Batlile Phaladi
2 minute read
10 Jul 2015
6:00 am

Concern over school toilet upgrade

Batlile Phaladi

With two weeks left for the Gauteng Education Department to meet the deadline for fixing toilets in 51 schools around the province, Equal Education (EE) still raised concerns over the progress in the constructions of the toilets as "the department ignored its request to reveal the list of the demarcated schools".

Picture: Thinkstock

The non-governmental organisation said it was difficult for it to check the progress but EE would continue to monitor sanitation conditions in some of the schools concerned.

EE general secretary Tshepo Motsepe said the organisation was also in the dark on how far contractors appointed by the provincial department are in building the toilets.

“First of all, we do not even have the list, the department has given us the cold shoulder every time we asked for the list of those schools. The MEC acknowledged the fact that most toilets at the schools across the province were really broken and committed to start new foundations to rebuild them but now. It is difficult for us to check if these toilets are being built in the agreed norms and standards of the sanitation,”said Motsepe.

This, after EE conducted an audit in March and April this year. The audit found that more than 25% of the schools surveyed have more than 400 pupils for every maintenance staff member, and one in five toilets was either broken or locked.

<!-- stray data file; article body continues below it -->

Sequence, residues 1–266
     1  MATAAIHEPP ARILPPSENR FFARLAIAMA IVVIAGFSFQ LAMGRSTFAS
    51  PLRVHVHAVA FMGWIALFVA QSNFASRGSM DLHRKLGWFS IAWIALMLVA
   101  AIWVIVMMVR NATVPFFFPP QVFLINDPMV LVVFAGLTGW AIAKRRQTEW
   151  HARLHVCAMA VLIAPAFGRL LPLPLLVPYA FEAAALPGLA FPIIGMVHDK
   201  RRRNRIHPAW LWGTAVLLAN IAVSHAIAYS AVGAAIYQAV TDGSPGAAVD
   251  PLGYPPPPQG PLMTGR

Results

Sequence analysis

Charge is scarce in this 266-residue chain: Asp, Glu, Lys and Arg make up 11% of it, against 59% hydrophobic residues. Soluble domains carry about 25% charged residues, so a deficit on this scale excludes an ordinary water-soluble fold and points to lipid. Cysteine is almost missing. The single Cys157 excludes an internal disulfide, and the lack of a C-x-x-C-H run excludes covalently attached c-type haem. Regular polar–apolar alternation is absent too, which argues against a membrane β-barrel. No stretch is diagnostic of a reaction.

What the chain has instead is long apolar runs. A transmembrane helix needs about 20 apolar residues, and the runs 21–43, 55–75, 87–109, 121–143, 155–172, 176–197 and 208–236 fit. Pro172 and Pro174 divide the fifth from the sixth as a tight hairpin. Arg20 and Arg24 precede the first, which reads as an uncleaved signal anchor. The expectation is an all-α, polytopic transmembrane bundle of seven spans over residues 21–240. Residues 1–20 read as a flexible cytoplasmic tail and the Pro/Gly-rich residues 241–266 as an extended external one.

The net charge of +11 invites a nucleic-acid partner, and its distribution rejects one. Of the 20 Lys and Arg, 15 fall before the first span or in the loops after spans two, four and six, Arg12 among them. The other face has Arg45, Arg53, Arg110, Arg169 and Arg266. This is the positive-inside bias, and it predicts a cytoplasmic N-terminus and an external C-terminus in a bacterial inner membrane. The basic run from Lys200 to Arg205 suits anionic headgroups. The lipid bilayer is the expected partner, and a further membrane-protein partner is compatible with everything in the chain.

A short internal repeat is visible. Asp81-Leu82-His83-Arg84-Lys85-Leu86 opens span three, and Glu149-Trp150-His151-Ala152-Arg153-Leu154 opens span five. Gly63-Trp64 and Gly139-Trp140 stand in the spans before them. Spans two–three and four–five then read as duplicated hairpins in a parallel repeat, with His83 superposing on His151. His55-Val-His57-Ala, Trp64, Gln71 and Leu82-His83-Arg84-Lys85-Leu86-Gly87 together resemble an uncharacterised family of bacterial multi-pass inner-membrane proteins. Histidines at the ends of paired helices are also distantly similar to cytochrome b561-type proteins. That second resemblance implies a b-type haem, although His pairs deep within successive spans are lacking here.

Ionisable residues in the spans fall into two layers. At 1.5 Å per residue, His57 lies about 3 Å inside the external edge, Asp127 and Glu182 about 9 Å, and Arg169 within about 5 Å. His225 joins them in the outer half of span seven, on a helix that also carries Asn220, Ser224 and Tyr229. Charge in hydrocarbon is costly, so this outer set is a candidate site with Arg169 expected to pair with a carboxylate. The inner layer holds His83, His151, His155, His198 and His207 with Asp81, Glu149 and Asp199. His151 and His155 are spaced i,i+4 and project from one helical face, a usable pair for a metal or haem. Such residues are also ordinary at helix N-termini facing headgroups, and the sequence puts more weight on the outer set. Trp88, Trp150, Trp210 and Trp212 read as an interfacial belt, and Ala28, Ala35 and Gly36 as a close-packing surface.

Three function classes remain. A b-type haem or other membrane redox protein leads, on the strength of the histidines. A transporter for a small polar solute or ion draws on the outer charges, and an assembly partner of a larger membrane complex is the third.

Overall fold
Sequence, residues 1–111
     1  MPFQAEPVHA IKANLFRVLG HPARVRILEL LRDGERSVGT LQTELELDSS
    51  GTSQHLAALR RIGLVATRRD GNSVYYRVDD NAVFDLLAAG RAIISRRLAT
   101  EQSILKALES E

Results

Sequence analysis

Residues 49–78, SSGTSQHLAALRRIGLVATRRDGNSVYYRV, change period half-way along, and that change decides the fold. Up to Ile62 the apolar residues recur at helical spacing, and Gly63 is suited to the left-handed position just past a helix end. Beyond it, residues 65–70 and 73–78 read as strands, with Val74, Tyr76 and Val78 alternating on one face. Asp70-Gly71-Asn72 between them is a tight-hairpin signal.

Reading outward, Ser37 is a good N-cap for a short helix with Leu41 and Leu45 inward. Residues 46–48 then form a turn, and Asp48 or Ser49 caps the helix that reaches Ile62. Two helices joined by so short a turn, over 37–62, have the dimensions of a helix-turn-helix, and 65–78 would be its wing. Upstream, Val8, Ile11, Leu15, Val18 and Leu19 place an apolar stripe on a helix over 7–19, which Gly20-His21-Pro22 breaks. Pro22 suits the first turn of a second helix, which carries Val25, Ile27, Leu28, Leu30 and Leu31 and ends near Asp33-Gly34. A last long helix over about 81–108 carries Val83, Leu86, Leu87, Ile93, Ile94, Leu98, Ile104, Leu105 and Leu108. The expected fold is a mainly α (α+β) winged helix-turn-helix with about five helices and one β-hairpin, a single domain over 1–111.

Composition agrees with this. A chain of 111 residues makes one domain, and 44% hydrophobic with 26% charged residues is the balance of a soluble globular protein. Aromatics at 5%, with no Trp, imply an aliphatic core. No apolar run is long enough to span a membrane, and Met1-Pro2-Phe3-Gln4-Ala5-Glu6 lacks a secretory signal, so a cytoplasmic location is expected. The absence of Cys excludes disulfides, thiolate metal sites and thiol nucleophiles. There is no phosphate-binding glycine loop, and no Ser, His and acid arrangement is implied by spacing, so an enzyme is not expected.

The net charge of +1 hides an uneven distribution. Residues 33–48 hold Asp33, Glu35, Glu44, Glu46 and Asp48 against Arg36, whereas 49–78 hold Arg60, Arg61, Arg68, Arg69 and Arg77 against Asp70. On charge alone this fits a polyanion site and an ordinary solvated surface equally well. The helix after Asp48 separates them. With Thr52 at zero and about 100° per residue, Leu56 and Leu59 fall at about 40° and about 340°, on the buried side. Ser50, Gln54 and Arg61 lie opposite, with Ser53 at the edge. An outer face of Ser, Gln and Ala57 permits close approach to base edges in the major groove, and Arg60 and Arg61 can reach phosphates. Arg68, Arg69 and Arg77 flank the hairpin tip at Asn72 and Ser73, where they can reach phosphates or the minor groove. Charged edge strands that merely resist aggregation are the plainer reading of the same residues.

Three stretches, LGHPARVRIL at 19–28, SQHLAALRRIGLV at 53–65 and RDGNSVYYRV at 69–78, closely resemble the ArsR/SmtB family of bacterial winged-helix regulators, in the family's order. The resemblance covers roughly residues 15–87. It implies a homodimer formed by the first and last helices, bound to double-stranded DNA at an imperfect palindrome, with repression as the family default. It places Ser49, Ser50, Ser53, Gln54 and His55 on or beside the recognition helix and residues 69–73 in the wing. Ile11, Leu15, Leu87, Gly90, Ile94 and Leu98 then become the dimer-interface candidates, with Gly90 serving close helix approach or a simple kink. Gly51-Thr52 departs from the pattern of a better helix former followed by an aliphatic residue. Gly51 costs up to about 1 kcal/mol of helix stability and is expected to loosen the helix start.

It also revealed that in 30% of the high schools audited, more than 100 pupils shared one working toilet, 70% of schools had no access to soap, and 40% had no access to either toilet paper or sanitary pads.

After the audit, the organisation challenged Lesufi to, among other things, establish a Gauteng-appropriate standard and ratio for sanitation, provide a model budget for schools, and publicly begin blacklisting contractors who under-perform.

Lesufi accepted the challenge and agreeing fixing the toilets during schools holidays to avoid disrupting learning.

The MEC’s spokesperson, Phumla Sekhonyane, reiterated the department’s commitment to the provision of proper sanitation at all schools.

However, when The Citizen visited Roodepoort Primary School in Davidsonville on Wednesday, which Sekhonyane confirmed to be among the schools being refurbished, we found that the toilets were still in dire condition.

The toilets were not flushing, they are rusty and learners have to use buckets to flush after using the toilet.

Sekhonyane said: “Indeed, Roodepoort Primary is in the list of schools whose toilets need to be fixed, and we have already appointed the contractor.”

The toilets in the 51 schools are expected to be completed by July 20 when schools re-open.